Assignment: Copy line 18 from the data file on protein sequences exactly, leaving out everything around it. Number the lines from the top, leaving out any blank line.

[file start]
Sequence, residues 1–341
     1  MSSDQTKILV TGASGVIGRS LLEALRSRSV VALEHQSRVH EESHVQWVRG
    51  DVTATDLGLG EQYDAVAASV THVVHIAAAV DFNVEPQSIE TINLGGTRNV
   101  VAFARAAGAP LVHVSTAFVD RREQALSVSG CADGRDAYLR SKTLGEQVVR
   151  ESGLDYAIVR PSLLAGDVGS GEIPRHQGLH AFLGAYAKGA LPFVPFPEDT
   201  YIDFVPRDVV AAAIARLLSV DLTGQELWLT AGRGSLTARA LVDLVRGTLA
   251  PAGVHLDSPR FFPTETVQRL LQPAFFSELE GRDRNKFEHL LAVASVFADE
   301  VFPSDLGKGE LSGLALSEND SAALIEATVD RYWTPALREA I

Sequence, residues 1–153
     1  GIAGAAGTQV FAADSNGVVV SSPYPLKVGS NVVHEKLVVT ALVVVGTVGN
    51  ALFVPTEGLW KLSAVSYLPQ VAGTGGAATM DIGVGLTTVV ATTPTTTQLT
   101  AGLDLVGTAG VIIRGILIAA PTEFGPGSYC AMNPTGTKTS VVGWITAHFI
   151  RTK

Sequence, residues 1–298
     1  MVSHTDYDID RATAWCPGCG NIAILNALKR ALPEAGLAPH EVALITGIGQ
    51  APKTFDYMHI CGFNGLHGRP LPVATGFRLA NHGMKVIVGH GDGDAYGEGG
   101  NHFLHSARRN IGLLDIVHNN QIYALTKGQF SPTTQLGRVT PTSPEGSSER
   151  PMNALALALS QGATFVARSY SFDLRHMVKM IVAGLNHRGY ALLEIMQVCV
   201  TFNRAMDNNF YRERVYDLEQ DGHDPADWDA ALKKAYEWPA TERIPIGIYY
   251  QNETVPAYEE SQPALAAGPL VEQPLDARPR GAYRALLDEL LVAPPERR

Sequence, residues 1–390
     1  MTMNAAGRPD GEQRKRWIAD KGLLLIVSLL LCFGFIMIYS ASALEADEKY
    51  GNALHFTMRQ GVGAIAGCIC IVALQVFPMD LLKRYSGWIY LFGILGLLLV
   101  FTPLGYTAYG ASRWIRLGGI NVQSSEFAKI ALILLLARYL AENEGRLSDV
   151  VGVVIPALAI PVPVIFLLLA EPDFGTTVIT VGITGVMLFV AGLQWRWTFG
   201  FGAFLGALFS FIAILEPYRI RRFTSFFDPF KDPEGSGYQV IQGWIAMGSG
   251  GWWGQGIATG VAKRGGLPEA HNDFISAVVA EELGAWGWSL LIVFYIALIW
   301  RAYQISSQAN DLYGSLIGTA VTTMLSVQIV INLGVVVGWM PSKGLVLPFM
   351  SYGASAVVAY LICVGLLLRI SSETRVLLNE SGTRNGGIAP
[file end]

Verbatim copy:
   151  PMNALALALS QGATFVARSY SFDLRHMVKM IVAGLNHRGY ALLEIMQVCV